Laura Seitz, Deseret News
Utah's governor and other elected officials may very well deserve a raise in pay, but a proposed salary jump of 36 percent would be a tough sell, both politically and as a matter of policy.
The practice of denying regular cost-of-living adjustments over a period of years and then trying to make up for it in one fell swoop is not good policy, especially for a government that prides itself on a record of sound fiscal management.
The salary increases recommended by the state's Elected Official and Judicial Compensation Commission feel like too much, too fast. In the private sector, the suggestion of such a one-time pay raise for an executive, minus a substantial change in job description, would be questionable.
Moreover, the timing of the recommendation seems a bit too convenient politically, coming just before the officials involved are about to embark on new four-year terms. A pay raise is likely to be received by the voting public with something less than enthusiasm, but four years down the road, concern may abate.
The problem is not with the pay commission itself, which forwards regular recommendations to the Legislature for final approval. In times of tight budgets, lawmakers have considered it politically infeasible to spend money to increase the take home pay of other elected officials.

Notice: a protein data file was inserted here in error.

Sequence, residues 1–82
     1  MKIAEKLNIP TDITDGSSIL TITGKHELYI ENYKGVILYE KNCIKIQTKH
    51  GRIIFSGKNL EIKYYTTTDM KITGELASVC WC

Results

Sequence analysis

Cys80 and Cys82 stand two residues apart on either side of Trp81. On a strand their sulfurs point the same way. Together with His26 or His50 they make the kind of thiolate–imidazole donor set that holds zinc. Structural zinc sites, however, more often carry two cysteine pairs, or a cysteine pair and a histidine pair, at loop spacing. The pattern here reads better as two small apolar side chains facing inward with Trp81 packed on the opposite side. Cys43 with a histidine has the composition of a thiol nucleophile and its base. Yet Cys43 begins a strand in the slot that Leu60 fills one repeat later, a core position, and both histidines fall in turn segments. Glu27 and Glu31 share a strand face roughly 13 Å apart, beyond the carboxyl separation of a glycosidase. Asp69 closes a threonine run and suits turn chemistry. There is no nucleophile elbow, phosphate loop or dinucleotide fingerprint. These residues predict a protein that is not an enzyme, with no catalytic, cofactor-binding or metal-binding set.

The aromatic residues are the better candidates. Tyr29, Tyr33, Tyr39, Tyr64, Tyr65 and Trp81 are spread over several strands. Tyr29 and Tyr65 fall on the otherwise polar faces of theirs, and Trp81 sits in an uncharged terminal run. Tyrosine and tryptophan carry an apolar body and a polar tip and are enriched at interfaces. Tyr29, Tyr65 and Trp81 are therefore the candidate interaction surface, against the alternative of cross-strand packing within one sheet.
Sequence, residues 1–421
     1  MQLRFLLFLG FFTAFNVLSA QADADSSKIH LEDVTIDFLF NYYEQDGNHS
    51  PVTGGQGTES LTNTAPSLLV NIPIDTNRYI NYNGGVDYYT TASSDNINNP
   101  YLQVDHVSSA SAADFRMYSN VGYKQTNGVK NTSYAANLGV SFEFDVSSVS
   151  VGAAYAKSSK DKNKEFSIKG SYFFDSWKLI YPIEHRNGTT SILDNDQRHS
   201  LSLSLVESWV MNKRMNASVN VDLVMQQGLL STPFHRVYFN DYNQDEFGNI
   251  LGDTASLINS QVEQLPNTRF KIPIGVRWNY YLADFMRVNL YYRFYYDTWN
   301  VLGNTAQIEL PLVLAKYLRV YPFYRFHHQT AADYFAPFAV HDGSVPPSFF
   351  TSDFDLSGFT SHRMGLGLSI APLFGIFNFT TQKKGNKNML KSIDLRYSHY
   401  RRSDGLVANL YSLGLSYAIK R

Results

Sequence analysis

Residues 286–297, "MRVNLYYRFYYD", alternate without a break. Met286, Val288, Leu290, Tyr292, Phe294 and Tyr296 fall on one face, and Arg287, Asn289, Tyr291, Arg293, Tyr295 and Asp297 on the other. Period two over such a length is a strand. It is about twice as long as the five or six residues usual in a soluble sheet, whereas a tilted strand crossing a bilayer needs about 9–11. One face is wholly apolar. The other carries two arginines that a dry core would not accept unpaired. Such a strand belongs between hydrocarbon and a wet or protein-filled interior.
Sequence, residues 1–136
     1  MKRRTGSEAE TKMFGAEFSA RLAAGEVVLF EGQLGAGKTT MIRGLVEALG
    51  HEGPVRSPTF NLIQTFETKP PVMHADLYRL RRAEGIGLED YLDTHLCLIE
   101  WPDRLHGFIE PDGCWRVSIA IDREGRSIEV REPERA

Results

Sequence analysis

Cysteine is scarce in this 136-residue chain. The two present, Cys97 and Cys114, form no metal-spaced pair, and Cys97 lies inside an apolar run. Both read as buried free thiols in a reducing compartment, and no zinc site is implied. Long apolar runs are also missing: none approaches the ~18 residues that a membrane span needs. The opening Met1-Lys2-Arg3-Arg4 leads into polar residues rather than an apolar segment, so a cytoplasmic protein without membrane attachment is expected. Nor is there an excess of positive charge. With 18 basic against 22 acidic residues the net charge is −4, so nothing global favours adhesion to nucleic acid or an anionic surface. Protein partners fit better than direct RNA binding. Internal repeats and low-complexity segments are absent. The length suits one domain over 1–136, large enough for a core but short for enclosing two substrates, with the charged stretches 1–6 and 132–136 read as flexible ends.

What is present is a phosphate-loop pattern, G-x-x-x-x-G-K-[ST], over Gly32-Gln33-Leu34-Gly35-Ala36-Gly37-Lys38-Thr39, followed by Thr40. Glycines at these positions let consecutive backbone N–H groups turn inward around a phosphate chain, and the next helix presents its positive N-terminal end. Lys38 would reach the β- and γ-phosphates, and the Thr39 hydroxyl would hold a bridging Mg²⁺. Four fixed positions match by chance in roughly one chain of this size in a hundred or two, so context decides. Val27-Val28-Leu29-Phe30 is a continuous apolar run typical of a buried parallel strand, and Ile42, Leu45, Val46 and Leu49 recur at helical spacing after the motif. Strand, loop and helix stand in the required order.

As a result, it's been nearly a decade since salaries were adjusted for the governor, lieutenant governor, treasurer, auditor and attorney general, which the pay commission argues has resulted in compensation levels too low for those offices.
But it's also hard to argue that public officials are grossly underpaid. Utah's governor earns about 40 percent less than the nation's highest-paid governor, Jerry Brown of California, who makes $173,000 a year, recently reduced from $206,000 as a result of California's budget woes.
But taking the governor's salary to $150,000, as the pay commission suggests, would place him among the top 10 highest-paid state chief executives. And as it stands at the moment, even without a raise, Utah's governor is paid more than the governors of Arizona, Colorado and Oregon, according to a salary survey used by the commission.
That's not to say that the governor and the four other statewide elected leaders don't deserve a boost in pay. But just how much and in what form deserves more consideration. In our opinion, a series of incremental raises over a period of years would certainly be easier to sell than a one-time windfall.
The issue wouldn't be problematic for the governor, the Legislature or the citizenry if the system for setting salary levels were based on a statutory structure for automatic adjustments on a regular basis, if not annually, then at least every two years.
As the Legislature weighs the commission's report, it might also take the opportunity to consider ways to create a more proactive approach for setting annual compensation, taking it outside the influence of any short-term political considerations.
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